The US White House continues to remediate the recent intrusion into an Executive Office of the President unclassified network — "suppressing abnormal behavior," is how reports describe the remediation. Network outages, the White House says, were the result of remediation, not hacking. Officials remain coy about attribution, but with much rumbling about "state-sponsorship." (Observers use the event as an opportunity to note that breach detection is at least as important as perimeter defense.)
South Sudan's official accusations that Huawei was engaged in malicious activity on some of their networks continue to receive attention. Other reports suggest that Sony Xperia phones are collecting user data and reporting them to servers located in China. India's concerns about the security of Xiaomi phones are compounded by a Taiwanese researcher's claims that Xiaomi servers are vulnerable to a recently discovered zero-day.
The US Department of Homeland Security amplifies warnings of malware targeting industrial control systems: apparently GE and Siemens systems (unsurprisingly, given their market share) are in the attackers' crosshairs.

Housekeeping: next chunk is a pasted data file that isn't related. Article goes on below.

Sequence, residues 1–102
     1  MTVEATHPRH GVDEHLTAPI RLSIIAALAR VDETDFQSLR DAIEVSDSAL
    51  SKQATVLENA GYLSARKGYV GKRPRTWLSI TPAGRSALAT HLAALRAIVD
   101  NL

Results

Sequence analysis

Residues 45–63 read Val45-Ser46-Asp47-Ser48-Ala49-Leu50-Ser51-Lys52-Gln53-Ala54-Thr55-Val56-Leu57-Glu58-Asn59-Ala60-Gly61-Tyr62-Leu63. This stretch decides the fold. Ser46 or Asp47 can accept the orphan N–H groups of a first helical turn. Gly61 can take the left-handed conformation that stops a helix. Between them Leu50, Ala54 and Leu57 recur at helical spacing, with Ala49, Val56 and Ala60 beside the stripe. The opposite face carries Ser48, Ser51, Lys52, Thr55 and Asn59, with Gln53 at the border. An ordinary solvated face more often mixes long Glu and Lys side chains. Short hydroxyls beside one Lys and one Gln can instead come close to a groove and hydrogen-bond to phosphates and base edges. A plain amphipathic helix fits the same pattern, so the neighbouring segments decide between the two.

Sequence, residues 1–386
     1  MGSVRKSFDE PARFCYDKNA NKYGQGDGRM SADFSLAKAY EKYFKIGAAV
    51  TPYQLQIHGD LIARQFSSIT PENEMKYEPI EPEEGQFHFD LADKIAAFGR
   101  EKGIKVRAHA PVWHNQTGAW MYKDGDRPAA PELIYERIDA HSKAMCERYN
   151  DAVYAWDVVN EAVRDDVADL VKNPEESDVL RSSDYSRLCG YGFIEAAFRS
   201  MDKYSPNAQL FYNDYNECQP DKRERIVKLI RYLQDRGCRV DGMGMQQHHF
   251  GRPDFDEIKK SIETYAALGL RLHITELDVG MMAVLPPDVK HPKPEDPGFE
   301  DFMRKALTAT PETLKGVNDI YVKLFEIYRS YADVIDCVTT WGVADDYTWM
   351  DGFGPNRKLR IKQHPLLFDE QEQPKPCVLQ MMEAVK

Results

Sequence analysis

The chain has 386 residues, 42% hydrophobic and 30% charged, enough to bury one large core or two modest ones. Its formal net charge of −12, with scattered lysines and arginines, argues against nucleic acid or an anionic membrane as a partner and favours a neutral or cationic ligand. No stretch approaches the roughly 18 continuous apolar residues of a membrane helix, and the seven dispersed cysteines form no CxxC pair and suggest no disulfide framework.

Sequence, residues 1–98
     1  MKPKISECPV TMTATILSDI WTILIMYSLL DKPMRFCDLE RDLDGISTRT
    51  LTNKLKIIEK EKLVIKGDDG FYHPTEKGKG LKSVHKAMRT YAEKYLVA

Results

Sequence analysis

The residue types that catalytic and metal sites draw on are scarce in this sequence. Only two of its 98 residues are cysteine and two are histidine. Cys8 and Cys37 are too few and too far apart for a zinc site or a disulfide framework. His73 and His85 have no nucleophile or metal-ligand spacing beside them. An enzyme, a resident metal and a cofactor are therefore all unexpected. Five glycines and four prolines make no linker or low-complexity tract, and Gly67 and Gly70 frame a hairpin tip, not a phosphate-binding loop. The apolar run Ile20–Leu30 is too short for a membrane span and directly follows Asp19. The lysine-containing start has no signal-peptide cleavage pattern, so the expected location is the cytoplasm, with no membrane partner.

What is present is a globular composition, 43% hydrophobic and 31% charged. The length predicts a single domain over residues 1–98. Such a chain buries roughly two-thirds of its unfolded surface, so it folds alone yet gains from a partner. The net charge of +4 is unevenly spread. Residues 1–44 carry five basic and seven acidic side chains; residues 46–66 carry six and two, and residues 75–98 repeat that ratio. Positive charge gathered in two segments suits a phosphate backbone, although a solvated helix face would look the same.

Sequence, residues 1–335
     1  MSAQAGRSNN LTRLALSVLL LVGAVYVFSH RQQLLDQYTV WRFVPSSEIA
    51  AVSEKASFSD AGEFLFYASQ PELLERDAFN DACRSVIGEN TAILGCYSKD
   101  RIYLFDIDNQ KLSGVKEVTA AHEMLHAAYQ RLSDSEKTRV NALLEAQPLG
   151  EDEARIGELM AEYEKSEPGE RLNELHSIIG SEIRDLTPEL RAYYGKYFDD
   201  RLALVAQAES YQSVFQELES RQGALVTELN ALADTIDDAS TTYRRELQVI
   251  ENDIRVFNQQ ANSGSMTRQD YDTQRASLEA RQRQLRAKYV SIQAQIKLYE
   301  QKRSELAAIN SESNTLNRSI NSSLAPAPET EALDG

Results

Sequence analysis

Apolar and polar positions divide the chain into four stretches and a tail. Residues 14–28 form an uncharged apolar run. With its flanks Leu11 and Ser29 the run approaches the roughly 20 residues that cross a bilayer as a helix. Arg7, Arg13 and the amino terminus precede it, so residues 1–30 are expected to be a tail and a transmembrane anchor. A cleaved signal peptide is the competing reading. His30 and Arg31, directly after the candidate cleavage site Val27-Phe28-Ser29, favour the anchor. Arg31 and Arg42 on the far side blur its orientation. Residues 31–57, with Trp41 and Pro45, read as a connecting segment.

As feared, Brazilian criminals have begun to hit US banks with bogus chip-and-PIN transactions.
Criminal carders are using a new, automated platform — "Voxis" — to monetize their haul by sending stolen charges to gateway processors.
CSO has a useful Drupal roundup. Dark Reading says patching seems unable to keep up with Shellshock exploits.
As banks push law firms to improve their cyber security, retailers increase cyber attack information sharing (and woof at credit unions over data breaches).
NIST releases SP800-150 (Cyber Threat Information Sharing) for comment.